Speedy (1928): review

Posted by on March 28, 2017 in , ,

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Film, as we know, ain’t what it used to be. Fast edits and quick cuts, ever more audacious stunts, breathtaking race sequences… in fact, far from being a creation of the post-Spielberg school of blockbuster filmmaking, one only has to look at the extraordinary silent film work of Harold Lloyd to see that the tropes of the modern Hollywood movies have in fact been in place since as far back as the early days of the 20th century.

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Lloyd began his career in movies in 1913. Six years later, Lloyd lost his right thumb and index finger during a photo shoot with a prop bomb that contained a real charge. In some respects, the accident enhanced his career and he became known as the ‘daredevil comedian’, famous for thrilling sequences in his movies. In 1923, he created one of cinema’s most enduring scenes – supposedly hanging desperately from the hands of a skyscraper clock during Safety Last!. In fact, the stunt was artfully conceived and executed using a mix of inventive camera techniques and the dummied upper two stories of a skyscraper.

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Speedy was the final silent film Lloyd made. His unemployed New Yorker, nicknamed Speedy, sets out on a quest to save the city’s last horse-drawn streetcar route, run by the grandfather of his sweetheart Jane (Ann Christy). Much of the film was shot on location in New York over 12 weeks using hidden camera. As a result, the film works not only as tight, spirited comedy but also a fascinating visual record of New York in the 1920s. Lloyd ended the decade as cinema’s highest paid performer; but he struggled as talkies took over and finally retired in 1947. His final film, The Sin Of Harold Diddlebock, was directed by Preston Sturges.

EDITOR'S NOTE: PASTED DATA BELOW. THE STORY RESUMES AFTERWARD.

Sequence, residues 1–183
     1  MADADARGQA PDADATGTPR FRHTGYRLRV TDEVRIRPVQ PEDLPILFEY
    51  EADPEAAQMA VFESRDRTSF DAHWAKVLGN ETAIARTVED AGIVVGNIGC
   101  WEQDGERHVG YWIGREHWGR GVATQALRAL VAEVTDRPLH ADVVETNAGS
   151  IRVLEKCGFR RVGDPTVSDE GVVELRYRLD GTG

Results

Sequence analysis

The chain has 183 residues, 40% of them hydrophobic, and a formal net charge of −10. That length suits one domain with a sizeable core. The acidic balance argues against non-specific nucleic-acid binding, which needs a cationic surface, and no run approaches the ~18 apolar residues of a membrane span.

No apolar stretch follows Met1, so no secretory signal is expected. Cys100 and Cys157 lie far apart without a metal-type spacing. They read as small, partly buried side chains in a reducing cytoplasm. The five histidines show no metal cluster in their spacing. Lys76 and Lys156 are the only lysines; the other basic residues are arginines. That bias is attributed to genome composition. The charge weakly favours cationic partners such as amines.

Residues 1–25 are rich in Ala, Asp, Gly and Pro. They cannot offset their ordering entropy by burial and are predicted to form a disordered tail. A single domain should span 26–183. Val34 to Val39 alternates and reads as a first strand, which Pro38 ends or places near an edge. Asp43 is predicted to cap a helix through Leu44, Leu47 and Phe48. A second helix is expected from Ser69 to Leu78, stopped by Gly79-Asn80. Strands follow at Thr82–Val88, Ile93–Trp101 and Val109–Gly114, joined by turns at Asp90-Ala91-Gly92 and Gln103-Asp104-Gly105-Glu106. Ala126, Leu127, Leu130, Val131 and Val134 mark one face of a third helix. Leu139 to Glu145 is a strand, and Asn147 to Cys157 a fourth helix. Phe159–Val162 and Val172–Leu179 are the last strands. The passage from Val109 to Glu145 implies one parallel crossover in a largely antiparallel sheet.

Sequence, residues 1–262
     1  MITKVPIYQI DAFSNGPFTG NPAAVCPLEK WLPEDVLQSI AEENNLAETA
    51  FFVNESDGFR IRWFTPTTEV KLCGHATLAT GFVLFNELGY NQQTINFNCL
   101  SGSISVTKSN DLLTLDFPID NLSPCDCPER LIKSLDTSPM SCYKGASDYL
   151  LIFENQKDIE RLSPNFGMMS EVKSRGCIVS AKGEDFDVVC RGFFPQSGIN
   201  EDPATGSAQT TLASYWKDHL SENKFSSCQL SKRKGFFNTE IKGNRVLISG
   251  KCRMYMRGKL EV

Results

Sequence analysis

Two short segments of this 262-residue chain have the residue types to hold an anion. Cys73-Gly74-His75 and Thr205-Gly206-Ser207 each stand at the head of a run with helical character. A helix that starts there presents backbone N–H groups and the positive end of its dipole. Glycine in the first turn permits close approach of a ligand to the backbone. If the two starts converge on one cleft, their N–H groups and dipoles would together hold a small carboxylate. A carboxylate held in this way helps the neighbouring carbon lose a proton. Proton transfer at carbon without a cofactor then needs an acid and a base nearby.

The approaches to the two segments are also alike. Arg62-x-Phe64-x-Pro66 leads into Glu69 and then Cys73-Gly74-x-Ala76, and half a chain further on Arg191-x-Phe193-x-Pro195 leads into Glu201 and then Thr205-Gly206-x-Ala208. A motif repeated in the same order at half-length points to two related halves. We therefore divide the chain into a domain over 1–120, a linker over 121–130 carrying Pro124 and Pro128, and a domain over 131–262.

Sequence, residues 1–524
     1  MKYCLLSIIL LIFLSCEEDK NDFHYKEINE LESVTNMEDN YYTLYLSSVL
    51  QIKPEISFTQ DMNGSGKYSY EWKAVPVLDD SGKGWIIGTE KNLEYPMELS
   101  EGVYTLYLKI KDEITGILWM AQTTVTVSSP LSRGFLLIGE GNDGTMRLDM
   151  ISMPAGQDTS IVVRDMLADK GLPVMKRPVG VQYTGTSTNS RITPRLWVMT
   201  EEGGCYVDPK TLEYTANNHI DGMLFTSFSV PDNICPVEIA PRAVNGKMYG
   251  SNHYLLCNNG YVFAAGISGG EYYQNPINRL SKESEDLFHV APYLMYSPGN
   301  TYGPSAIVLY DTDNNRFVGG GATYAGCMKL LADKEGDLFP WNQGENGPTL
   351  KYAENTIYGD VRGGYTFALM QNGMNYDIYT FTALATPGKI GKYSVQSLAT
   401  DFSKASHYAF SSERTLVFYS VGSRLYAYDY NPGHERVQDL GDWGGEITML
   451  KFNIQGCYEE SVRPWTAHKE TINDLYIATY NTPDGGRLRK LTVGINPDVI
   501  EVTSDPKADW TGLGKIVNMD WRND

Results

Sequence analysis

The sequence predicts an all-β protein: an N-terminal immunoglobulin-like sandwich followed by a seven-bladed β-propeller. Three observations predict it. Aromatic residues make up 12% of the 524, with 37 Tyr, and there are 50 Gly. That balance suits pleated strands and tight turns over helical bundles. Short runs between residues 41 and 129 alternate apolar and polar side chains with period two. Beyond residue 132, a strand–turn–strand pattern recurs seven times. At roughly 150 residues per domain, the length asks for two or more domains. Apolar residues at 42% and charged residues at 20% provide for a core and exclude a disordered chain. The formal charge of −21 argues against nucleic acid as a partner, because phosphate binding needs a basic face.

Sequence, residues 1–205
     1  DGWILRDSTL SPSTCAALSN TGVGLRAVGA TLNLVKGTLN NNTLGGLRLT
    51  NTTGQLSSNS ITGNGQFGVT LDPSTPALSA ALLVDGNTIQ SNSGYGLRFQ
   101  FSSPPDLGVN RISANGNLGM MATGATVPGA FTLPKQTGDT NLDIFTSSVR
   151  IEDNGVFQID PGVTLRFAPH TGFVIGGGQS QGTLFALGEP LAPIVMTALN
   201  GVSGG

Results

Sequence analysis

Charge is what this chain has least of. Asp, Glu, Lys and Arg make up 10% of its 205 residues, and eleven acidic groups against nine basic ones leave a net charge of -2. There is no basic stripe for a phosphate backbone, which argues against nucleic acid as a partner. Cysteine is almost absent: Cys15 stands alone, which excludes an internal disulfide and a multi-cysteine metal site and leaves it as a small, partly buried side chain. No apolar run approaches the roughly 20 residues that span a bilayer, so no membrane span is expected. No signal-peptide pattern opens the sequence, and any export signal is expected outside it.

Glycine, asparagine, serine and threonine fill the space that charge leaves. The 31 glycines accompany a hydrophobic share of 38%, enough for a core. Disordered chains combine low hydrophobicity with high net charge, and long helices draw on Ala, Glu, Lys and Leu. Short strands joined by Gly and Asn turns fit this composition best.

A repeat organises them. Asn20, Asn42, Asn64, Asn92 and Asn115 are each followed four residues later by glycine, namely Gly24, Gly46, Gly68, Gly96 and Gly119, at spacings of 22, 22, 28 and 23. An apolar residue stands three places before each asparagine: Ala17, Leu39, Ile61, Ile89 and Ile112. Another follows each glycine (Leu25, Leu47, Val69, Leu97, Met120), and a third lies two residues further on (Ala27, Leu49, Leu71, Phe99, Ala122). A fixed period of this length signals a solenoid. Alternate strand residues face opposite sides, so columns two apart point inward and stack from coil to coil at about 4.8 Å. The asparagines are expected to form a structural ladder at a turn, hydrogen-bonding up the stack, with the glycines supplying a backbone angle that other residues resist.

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Michael Bonner


Criterion Disc Features:

– New 4K digital restoration from elements preserved by the UCLA Film & Television Archive

– Musical score by composer Carl Davis from 1992, synchronized and restored under his supervision and presented in uncompressed stereo on the Blu-ray

– New audio commentary featuring Bruce Goldstein, director of repertory programming at New York’s Film Forum, and Turner Classic Movies director of program production Scott McGee

– In the Footsteps of “Speedy,” a new short documentary by Goldstein about the film’s New York shoot

– Selection of rare archival footage from UCLA Film & Television Archive’s Hearst Newsreel Collection of baseball legend Babe Ruth, who has a cameo in the film, presented by David Filipi, director of film and video at the Wexner Center for the Arts

– New visual essay featuring stills of deleted scenes from the film and narrated by Goldstein

– Selection of actor Harold Lloyd’s home movies, narrated by his granddaughter, Suzanne Lloyd

– Bumping into Broadway, a 1919 Lloyd two-reeler, newly restored and with a 2004 score by Robert Israel

– An essay by critic Phillip Lopate

verdict:





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